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London, Hammersmith Apollo, 7 June 2006

This was supposedly a warm up for the weekend headline date at Donnington, but also a chance for GNR to play the legendary Hammermith Apollo, formely Odeon.

Having completed three dates in New York, this would also be the smallest venue the band has played for some time. As resident rock fans are aware, the UK does not treat anyone with automatic respect, regardless of their past or pedigree. Hence, a sold out Apollo were not slow in booing between interval songs when 1030 arrived and the band still hadn't appeared.

But five minutes later they did and what followed was around two and a half hour's of pure brilliance. The focus of the set remained with Appetite era songs with the the album performed in its entirety bar three numbers.

Only four songs were played from the Illusion set, Patience from 'Lies' and four new songs. Pyrotechnics were aplenty throughout and the stage set looked as though what had been brought over for Donnington had been shoe-horned into Hammers mith.

It was the most visually impressive and bombastic concert Hammersmith has seen for a long time. I had no criticism of the bad at all, apart from a fluffed first guitar solo in November rain. And although the (now 3) guitarists are also joined by two keyboard players, they were very low in the mix, only really coming through on the new songs.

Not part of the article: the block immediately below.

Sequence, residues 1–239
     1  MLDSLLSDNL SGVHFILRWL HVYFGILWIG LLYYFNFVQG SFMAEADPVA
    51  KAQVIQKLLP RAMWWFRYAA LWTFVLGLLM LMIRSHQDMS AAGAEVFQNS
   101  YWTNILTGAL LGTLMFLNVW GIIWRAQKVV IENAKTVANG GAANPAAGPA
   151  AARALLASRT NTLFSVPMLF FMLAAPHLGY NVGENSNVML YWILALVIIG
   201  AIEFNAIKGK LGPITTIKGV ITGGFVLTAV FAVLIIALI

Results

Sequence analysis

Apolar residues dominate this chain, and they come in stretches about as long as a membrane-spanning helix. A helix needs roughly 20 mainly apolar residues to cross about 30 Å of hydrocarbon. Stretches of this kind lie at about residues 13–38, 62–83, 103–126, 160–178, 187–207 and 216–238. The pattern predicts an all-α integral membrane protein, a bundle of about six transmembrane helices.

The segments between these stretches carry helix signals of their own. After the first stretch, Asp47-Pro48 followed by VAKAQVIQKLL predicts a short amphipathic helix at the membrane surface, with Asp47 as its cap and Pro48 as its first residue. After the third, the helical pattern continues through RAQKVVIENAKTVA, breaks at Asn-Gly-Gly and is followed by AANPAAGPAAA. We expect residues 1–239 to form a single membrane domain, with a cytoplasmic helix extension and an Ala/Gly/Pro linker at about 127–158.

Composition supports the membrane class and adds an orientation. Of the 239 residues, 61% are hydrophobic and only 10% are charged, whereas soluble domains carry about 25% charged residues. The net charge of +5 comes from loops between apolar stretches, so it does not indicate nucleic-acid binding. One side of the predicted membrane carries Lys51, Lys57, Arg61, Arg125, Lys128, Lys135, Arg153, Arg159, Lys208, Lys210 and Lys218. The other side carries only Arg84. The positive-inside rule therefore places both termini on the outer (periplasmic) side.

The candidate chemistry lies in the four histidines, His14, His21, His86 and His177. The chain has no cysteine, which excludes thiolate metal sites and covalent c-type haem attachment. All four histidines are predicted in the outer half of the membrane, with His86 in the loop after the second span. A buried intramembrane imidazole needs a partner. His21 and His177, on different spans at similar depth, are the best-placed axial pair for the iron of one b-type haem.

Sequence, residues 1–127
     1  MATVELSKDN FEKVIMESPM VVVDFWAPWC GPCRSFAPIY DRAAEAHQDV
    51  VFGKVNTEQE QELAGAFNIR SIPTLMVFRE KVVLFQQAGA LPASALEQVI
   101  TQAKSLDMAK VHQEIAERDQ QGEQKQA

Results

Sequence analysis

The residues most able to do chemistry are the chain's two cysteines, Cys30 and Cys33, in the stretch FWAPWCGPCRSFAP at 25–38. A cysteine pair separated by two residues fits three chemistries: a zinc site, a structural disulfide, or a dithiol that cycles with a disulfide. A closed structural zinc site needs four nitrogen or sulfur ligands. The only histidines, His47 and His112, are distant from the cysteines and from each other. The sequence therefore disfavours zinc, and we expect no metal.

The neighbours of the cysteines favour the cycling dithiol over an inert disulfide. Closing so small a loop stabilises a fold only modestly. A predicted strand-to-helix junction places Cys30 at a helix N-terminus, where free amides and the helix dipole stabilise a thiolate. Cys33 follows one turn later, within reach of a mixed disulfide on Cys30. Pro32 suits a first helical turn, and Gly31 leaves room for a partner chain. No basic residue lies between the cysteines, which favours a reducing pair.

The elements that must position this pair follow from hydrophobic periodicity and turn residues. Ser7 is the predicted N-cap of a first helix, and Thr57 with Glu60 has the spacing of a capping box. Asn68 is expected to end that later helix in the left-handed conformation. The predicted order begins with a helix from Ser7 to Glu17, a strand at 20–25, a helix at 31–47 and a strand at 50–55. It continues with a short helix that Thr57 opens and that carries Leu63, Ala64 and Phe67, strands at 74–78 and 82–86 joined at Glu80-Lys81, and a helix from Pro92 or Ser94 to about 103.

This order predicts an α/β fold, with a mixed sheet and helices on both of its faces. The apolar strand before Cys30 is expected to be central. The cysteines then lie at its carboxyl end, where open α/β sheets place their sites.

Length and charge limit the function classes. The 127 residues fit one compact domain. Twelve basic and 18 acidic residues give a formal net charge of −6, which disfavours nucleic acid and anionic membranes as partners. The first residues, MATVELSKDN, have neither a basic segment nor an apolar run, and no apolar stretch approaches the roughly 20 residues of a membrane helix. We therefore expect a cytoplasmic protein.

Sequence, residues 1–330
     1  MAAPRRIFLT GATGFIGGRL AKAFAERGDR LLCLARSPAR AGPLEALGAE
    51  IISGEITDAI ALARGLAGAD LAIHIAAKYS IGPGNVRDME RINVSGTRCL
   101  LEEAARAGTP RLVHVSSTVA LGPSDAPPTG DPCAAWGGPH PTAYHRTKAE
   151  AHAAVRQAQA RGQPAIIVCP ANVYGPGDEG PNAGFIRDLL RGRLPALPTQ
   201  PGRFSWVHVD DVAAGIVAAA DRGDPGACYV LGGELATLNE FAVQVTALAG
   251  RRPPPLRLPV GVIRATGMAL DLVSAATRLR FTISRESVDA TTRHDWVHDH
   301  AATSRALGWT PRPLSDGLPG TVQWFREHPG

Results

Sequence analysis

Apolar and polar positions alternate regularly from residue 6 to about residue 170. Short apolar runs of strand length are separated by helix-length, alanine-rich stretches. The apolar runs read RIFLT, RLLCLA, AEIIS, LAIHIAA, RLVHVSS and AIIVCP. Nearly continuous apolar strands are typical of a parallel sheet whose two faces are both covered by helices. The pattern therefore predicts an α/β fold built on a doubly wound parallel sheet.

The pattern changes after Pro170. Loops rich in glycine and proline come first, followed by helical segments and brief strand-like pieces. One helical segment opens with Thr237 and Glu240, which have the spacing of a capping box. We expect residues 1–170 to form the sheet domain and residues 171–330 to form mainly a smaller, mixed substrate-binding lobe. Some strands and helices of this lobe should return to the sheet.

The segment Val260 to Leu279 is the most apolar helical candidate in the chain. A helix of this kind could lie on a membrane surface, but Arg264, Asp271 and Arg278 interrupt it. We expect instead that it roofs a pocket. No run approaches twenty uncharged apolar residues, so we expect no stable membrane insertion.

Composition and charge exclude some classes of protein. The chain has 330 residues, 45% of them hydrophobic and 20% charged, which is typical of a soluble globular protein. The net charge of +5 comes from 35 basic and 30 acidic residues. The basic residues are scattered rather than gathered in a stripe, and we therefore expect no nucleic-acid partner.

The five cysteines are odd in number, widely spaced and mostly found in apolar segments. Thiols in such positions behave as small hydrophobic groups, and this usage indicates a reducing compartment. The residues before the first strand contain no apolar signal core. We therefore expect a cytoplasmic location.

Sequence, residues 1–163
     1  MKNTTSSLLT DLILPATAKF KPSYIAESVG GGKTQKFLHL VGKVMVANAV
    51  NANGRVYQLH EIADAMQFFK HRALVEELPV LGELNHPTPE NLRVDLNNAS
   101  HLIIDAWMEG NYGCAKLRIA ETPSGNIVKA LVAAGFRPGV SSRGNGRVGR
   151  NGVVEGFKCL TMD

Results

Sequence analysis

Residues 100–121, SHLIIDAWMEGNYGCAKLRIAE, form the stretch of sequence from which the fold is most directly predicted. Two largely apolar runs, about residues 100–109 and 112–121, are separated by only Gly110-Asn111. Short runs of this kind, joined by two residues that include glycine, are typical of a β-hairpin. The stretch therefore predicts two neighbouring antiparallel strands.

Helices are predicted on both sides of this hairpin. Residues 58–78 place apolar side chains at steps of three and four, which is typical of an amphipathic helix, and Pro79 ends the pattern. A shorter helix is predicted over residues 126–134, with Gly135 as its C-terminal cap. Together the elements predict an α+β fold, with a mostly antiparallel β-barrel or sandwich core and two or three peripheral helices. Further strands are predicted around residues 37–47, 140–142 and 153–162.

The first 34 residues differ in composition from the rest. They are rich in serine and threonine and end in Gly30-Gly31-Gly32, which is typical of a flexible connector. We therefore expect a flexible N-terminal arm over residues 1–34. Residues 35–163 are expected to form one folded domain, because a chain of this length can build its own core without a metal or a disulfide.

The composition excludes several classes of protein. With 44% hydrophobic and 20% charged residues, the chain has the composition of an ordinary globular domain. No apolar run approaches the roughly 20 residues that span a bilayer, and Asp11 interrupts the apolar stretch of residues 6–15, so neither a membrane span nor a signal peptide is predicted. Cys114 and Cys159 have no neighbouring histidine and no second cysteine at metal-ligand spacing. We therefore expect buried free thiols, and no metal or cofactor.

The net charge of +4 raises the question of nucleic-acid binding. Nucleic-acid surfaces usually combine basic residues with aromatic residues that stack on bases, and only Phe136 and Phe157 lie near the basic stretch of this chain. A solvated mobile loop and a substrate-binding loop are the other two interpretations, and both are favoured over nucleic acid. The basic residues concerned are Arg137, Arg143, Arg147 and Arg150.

Axl's performance was spot on with surprisingly strong vocals and a abundance of energy. Guitarist Robin Finck also has no problem moving around the stage (including jumping from it into the pit) although the remaionder of the band are more static.

If criticism is to be made, it is that between songs the band tend to adopt low key jamming sessions which Axl will either join in on, use to introduce the next number or just abort. These had the effect of slowing down the pace and whilst it was fine in the relatively small confines of Hammersmith, might well be less welcome at larger venues.

But this is a minor quirk and equally applied to the original line up who were also not always quick at getting into the next song. The songs themselves had energy that at least rivalled the original band.

All in all, GNR delivered on all counts and the gig was one of the best I have seen at Hammersmith for many years. Whether the band capitalise on that remains to be seen, but after a performance this strong they are well placed to.


Review by Andy Hanson

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